Some vampires are good. Some are evil. Some are faking it to get girls. Awkward and allergic to the sun, sixteen-year-old Finbar Frame never gets the girl. But when he notices that all the female students at his school are obsessed with a vampire romance novel called Bloodthirsty, Finbar decides to boldly go where no sane guy has gone before--he becomes a vampire, minus the whole blood sucking part. With his brooding nature and weirdly pale skin, it's surprisingly easy for Finbar to pretend to be paranormal. But, when he meets the one girl who just might like him for who he really is, he discovers that his life as a pseudo-vampire is more complicated than he expected. This hilarious debut novel is for anyone who believes that sometimes even nice guys-without sharp teeth or sparkly skin--can get the girl.
Finbar is definitely at an awkward and lonely stage in his life. His twin brother, Luke, may not be the smartest guy in school but he pretty much excels at everything else. And to top off his popularity and sport skills he attracts all the girls. Finn on the other hand gets walked all over. He spends most of his time avoided kids at school and watching chick flicks with his mom on the weekend. He has a tough time standing up for himself and he happens to be allergic to the sun, which definitely doesn’t make him seem any cooler. So when he starts his junior year at a public school he decides he needs to do something different… He decides he’ll become a vampire.
But Finn doesn’t expect that he’ll actually make friends with his own personality at his new school. And he certainly doesn’t expect that he’ll meet a girl that actually likes him for him. Add in the fact that being a vampire is a lot tougher than one would think… he may just be in WAY too over his head this year.
I honestly didn’t think I was going to enjoy Bloodthirsty as much as I did. And I admit, at the beginning, I didn’t really like the book very much. Sure it was snarky and mildly funny but it came off a bit annoying as well. But as I got more into the book I really started to like Finbar and the mildly funny turned into laugh-out loud. First off, Finbar is just a hilarious name. And I can’t believe his parents would curse one son and let the other off the hook. Of course there was a pretty hilarious part where Finn goes on a tangent about how he got all the crappy genes and then got the crappy name when he was born. Speaking of Finn’s parents, they are pretty funny on their own and definitely stand out as characters. I also liked how Luke wasn’t an ass. I mean he’s got it all compared to Finn and I sort of expected him to be a jerk. But he definitely wasn’t and that made the story better.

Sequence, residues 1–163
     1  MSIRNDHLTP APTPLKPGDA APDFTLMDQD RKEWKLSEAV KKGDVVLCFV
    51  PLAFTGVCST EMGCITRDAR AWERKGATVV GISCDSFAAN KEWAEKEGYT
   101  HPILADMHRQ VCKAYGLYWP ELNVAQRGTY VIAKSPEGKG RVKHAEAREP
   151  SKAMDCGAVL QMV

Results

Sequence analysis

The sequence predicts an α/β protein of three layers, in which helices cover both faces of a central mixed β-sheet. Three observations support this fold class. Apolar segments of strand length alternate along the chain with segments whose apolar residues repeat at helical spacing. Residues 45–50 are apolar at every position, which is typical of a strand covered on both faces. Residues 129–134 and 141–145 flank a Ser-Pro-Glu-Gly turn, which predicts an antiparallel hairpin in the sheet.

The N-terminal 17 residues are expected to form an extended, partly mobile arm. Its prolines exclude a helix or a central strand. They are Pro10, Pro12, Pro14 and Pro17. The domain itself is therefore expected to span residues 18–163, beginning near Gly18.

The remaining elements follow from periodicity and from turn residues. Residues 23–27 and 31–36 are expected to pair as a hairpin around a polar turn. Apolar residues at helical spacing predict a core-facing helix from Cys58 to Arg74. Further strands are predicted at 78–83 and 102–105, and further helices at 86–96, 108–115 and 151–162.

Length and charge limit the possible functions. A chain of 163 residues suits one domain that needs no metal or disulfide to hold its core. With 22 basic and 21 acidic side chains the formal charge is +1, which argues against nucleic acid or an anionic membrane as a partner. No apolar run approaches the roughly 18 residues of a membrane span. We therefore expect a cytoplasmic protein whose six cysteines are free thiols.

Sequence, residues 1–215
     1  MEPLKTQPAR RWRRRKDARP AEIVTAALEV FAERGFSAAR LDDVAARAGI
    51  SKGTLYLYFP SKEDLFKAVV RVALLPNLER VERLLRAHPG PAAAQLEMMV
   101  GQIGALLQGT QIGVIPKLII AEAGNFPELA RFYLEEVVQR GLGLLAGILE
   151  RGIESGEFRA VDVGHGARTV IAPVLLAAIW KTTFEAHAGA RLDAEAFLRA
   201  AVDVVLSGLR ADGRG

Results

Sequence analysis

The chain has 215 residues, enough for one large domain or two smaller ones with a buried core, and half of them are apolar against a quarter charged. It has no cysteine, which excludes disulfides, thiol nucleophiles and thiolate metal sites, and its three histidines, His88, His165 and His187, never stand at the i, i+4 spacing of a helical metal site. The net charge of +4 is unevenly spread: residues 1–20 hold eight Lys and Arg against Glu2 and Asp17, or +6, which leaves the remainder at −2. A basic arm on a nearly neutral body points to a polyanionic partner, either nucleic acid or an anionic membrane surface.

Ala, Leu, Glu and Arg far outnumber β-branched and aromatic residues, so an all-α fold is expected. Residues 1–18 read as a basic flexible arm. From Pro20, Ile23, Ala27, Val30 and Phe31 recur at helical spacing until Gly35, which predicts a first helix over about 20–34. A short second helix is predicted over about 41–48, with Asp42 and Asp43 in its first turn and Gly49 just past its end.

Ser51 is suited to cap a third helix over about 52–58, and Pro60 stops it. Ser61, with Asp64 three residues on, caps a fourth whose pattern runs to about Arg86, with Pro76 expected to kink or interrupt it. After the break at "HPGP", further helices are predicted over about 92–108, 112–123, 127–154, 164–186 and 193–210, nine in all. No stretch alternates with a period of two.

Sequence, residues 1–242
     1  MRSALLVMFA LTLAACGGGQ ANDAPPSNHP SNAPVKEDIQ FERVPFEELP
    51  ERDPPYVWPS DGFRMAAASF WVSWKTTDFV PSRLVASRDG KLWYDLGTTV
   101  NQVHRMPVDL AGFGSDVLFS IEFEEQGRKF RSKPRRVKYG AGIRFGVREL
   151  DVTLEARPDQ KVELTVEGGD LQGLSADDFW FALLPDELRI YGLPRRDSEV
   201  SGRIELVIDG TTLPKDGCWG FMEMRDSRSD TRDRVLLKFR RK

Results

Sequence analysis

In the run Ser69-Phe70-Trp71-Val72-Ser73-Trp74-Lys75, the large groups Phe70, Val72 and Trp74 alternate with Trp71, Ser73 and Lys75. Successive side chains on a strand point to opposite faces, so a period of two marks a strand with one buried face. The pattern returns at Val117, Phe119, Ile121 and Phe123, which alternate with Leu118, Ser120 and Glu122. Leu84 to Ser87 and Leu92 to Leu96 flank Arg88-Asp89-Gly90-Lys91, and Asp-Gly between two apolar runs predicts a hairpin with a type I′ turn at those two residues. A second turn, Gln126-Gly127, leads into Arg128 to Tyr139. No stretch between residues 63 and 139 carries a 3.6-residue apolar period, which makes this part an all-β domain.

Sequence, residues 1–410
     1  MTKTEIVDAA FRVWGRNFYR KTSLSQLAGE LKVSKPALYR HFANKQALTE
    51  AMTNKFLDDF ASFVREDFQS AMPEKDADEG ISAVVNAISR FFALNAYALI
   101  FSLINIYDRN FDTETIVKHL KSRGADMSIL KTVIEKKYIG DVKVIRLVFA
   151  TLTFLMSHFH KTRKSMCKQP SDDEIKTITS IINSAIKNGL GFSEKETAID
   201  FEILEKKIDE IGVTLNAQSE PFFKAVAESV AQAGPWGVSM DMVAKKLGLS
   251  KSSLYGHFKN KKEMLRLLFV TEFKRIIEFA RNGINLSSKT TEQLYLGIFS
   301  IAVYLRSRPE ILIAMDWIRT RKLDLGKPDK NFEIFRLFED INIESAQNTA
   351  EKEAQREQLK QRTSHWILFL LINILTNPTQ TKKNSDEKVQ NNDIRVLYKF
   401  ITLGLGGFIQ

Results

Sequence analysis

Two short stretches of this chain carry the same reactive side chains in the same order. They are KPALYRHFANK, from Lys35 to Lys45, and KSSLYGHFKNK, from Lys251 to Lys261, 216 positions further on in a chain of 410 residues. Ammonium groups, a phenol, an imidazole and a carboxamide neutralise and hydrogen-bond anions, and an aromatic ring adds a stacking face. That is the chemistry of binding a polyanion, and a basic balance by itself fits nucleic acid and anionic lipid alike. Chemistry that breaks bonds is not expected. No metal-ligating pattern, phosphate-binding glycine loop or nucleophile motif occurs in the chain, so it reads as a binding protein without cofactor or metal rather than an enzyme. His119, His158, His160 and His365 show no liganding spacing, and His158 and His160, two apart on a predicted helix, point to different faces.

I really enjoyed the “coming-of-age” feel of the novel. Finn grows and matures while still keeping his quirky attitude about life intact. Meaney completely won me over with Finn’s personality. The supporting characters had just the right amount of development. They all had a significant amount of personality that didn’t take anything away from the point of the story. With vampires being the forefront in a lot of books and movies out right now, Bloodthirsty is a really fun and funny addition that I recommend to everyone.
My copy was an ARC so I had this purple book with red font on it that made no sense whatsoever. However, if I may comment on the other two covers I’ve seen: The one I included above is my favorite. It depicts Finn pretty well and captures his quirky personality. The other cover has a white heart with fangs against a black background and it just seems weird to me. Cute, but weird =)
When Elise Vanderzell plummets from her bedroom balcony one gorgeous summer night, her children awaken to a nightmare.
Their mother is dead.
Their father is charged with her murder.
Lawyer Kate Lange knows all about nightmares. She's survived the darkest period of her troubled life and the wounds are still raw. Now she's been handed a case that seems utterly unwinnable: defending her boss, high-profile lawyer Randall Barrett. A prosecutor's dream suspect, Randall is a man who was cuckolded by his ex-wife. A man who could not control his temper. A man who had argued bitterly with the victim the previous day in full view of the children.
With limited criminal law experience, Kate finds herself enmeshed in a family fractured by doubt. Randall's teenage son is intent on killing him. His daughter wants only to feel safe again. And the entire legal community would like nothing better than to see Randall receive a public comeuppance. As Kate races to stay a step ahead of the prosecution, a silent predator is waiting for the perfect time to deal the final blow.
I never really considered myself a big thriller/suspense kind of girl but I think I’m converting into one. I think I especially like a really well written, on-the-edge-of-your-seat, can’t-stop-turning-the-pages kind of suspense novel. I couldn’t really find anything wrong with Indefensible. I enjoyed the heck out of it! It’s the second in a series and I didn’t feel lost at all. The characters were so well developed that I got a really good sense of everyone’s personality and a pretty good idea of the story introduced in the previous novel.
Kate Lange is recovering from a near-death attack by a serial killer and she’s back at her the law firm. She’s not completely whole because she still has horrible nightmares and she’s still physically recovering from the ordeal. She’s also wondering about the tension between her and Randall Barrett, her boss. Is he interested in Kate? Does she want him to be interested in her after all that she’s been through recently? Before Kate can really examine her thoughts and answer her internal questions, Randall’s ex-wife is murdered. She quickly finds herself smack in the middle of a broken family and defending a case that seems impossible to win.